Where online gaming supports a player chat feature, it is not uncommon to encounter hate speech, sexual harassment and cyberbullying. The subject is controversial, with many players defending their freedom to engage in any form of behavior. Players, developers, gaming companies, and professional observers are discussing and developing tools which discourage antisocial behavior. There are also sometimes Moderators present, who attempt to prevent Anti-Social behaviour. In some online games, there are bots which automatically detect some forms of anti-social behavior, such as spam or rude language, and punish the player if detected.
Forced online games playing
- Rollings, Andrew; Adams, Ernest (2006). Fundamentals of Game Design. Prentice Hall.
- Hao Yan (2010-06-23). "China's online game revenue tops the world". www.chinadaily.com.cn. Retrieved 2014-08-04.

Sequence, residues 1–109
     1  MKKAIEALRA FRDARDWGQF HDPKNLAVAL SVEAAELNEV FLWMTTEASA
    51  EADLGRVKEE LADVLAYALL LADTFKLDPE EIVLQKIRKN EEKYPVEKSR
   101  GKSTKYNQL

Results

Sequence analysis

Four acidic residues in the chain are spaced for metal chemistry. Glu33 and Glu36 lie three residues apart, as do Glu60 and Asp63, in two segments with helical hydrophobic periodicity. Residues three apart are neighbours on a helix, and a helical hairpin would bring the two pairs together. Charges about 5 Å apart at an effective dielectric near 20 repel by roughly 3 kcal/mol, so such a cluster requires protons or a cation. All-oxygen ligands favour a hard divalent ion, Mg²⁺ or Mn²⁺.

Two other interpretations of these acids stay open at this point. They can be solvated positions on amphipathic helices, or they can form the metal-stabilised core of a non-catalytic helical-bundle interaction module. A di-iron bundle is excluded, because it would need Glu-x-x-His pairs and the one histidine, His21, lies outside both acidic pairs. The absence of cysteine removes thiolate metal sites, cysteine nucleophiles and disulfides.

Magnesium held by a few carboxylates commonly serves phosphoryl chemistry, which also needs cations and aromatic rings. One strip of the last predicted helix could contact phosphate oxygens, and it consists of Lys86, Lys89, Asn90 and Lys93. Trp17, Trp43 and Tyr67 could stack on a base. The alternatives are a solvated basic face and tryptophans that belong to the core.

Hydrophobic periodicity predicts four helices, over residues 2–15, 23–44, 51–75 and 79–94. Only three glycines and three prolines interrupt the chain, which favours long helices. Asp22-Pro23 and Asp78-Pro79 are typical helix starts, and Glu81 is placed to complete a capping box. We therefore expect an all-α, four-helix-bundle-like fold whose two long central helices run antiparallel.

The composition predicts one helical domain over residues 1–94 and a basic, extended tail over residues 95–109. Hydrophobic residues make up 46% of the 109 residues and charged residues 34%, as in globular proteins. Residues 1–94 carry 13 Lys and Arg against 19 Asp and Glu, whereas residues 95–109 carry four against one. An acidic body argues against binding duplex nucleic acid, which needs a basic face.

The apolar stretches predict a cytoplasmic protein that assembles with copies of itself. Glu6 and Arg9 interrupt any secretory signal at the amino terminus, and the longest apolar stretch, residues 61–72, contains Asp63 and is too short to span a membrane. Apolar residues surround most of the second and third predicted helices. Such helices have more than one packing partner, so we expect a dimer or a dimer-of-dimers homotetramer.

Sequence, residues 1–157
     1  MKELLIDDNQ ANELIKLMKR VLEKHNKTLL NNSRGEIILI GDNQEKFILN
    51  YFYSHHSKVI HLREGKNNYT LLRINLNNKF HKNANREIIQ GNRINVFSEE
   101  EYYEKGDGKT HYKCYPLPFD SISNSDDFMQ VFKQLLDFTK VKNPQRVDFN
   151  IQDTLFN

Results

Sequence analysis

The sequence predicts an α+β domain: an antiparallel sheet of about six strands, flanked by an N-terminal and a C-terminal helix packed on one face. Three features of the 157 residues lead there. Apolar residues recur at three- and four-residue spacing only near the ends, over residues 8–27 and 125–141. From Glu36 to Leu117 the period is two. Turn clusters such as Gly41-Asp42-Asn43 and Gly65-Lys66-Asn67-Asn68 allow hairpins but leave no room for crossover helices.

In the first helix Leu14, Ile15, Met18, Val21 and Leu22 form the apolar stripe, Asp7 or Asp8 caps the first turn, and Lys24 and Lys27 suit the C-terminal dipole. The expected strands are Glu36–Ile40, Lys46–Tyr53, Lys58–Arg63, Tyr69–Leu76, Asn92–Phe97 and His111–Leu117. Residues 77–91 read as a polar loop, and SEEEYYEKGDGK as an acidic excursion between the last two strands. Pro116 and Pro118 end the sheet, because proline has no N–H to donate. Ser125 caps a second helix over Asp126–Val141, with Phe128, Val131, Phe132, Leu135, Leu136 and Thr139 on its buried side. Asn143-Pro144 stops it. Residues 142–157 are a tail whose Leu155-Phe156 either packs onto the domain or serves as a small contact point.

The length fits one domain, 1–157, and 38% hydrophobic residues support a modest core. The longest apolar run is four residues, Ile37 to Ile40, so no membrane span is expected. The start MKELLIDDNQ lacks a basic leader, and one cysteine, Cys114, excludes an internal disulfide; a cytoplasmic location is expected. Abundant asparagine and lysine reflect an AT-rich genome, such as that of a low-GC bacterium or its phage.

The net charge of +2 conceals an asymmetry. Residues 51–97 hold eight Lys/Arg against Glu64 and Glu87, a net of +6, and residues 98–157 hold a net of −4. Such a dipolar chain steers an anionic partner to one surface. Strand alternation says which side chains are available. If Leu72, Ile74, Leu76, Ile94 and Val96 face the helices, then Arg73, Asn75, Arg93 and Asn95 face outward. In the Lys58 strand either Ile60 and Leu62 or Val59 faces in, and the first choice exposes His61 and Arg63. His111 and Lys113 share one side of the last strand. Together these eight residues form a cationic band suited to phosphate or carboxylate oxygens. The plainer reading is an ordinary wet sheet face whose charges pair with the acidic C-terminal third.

- Paul Bischoff (2014-07-22). "China’s mobile internet users now outnumber its PC internet users". Tech In Asia. Retrieved 2014-08-04.
- Steven Millward (2014-01-21). "Let’s take a look at China’s $13.5 billion online gaming industry (INFOGRAPHIC)". Tech In Asia. Retrieved 2014-08-04.
- "Online games market in China to reach $3 bln by 2010". ZDNet. March 22, 2008. Retrieved November 27, 2014.
- Tiffany Kary (June 6, 2002). "Study: Online gaming ready to explode". ZDNet. Retrieved November 27, 2014.
- John Gaudiosi (July 18, 2012). "New Reports Forecast Global Video Game Industry Will Reach $82 Billion By 2017". Forbes. Retrieved November 27, 2014.
- Malathi Nayak (June 10, 2013). "FACTBOX - A look at the $66 billion video-games industry". In.reuters.com. Retrieved November 27, 2014.
- "• Value of the global video game market by component 2007-2016". Statista.com. Retrieved November 27, 2014.